04 Apr 2011

Lawrence Zazzo, Wigmore Hall

In this intriguing and unpredictable recital, American countertenor, Lawrence Zazzo, and his accompanist, Simon Lepper, presented a dynamic sequence of American song from the twentieth and twenty-first centuries.

Both performers may be alumni of King’s College Cambridge, but there was little of the English cathedral tradition in either the selected repertoire or the performance itself. Indeed, in a recent interview, Zazzo declared his intention to “push the envelope in terms of what countertenors can do” not just in terms of “different repertoire or singing higher, but showing that you can give a rounded performance that's acceptable on all different levels”.

Zazzo has received immense praise for his recent operatic portrayals — in Xerxes and Radamisto at ENO and in Thomas Ad├Ęs’ The Tempest at Covent Garden, where he created the role of Trinculo — and there was certainly an air of excitement as the performers bounded onto the stage and launched precipitously into the Charles Ives’ ‘Memories’, commencing even before the welcoming applause had ceased.

Divided into two parts, ‘A) Very pleasant’ and ‘B) Rather sad’, ‘Memories’ is one of Ives’ most famous comic songs. Bursting with energy, Zazzo captured the breathless excitement of the young protagonist who eagerly awaits the rise of the curtain at the opera house. The song is a witty parody of G&S patter, and Zazzo enjoyed the flamboyant exaggerations of the song. However, here and in the quieter, more melancholy ‘Rather sad’, the qualities which were to mar what was at times an impressive and striking performance were immediately present. For Zazzo’s countertenor is a rather cold, hard instrument — suitable perhaps for Ives’ sharp satire, but less appealing at more reflective moments. Moreover, the text was almost unintelligible, here and throughout the recital, as Zazzo continually elongated the vowels and swallowed or ignored the consonants; this created the impression of a lack of emotional involvement with the text, as verbal nuances were not distinguishable, an effect exacerbated by a rather inflexible approach to the delivery and shaping of the melodic phrase.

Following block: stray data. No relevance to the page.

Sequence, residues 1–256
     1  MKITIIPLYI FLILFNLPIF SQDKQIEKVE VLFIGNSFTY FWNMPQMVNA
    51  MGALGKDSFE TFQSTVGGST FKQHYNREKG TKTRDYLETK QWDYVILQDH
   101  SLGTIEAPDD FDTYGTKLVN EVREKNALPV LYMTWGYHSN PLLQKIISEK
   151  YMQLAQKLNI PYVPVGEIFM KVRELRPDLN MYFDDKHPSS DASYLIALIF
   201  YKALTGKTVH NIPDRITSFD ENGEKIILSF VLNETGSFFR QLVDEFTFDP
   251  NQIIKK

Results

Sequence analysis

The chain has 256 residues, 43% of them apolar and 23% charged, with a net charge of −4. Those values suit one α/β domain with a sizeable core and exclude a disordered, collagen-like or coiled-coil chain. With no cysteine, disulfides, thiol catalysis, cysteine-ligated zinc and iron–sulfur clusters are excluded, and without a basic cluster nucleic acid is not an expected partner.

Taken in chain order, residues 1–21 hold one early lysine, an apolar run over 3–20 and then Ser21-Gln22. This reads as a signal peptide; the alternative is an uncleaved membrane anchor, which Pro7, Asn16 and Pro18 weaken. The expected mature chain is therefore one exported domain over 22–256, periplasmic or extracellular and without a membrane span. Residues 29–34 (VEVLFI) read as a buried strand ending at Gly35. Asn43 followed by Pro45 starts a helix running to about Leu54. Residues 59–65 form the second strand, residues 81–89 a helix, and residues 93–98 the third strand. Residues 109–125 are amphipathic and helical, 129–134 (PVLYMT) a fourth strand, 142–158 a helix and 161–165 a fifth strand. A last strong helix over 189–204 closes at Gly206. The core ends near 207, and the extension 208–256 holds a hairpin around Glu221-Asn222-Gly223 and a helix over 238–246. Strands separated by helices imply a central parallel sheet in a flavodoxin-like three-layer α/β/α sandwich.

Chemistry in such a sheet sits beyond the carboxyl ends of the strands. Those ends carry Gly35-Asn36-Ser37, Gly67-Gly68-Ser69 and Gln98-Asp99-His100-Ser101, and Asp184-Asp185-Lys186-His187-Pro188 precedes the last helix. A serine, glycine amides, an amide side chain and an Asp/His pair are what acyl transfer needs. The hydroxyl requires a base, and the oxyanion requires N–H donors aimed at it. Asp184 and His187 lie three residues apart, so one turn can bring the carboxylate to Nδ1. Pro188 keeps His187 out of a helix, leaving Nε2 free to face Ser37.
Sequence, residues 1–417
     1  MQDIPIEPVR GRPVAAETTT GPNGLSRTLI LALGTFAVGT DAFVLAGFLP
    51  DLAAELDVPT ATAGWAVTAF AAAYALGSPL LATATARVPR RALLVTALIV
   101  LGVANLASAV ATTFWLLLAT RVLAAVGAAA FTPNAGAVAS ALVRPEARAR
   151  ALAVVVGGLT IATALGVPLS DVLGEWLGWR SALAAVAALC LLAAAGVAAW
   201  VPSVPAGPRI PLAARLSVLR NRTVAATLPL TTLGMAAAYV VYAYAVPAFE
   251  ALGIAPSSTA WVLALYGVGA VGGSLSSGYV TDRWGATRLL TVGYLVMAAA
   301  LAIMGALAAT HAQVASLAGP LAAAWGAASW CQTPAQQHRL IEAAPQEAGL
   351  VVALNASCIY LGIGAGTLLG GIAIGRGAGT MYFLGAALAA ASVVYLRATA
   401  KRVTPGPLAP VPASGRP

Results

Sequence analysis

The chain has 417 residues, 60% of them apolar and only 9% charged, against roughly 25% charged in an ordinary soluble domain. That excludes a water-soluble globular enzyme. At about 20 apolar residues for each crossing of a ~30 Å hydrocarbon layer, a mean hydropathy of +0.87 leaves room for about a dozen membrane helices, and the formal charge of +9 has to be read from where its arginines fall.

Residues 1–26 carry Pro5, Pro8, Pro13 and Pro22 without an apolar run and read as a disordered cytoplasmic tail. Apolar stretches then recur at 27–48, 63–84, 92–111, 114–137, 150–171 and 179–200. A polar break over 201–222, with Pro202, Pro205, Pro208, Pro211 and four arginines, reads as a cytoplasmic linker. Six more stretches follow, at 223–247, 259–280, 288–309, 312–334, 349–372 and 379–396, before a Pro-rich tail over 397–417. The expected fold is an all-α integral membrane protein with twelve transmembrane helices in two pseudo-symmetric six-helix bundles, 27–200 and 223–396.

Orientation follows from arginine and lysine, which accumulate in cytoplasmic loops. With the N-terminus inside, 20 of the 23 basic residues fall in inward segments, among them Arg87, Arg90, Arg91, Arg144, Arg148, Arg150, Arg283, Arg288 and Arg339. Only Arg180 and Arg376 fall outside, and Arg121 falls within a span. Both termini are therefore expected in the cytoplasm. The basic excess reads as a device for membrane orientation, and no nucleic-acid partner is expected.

The performers certainly shared an innate feeling for Ives’ varied idioms. ‘Songs my mother taught me’ possessed a controlled simplicity; in ‘Walking’ Lepper vigorously conjured up the sounds and rhythms of everyday urban life, church bells, a jazz dance, surging traffic. Most successful of these opening songs was ‘The Housatonic at Stockbridge’: here the strumming piano chords conveyed the many colours and translucency of the ‘cloudy willow and the plumy elm’ beside the ‘dreamy realm’ of the ‘contented river’. As the Housatonic River meandered its way through the landscape, the power and penetration of Zazzo’s focused tone was apparent, although a tendency to crescendo rather too forcefully through particular syllables at times revealed a slight graininess.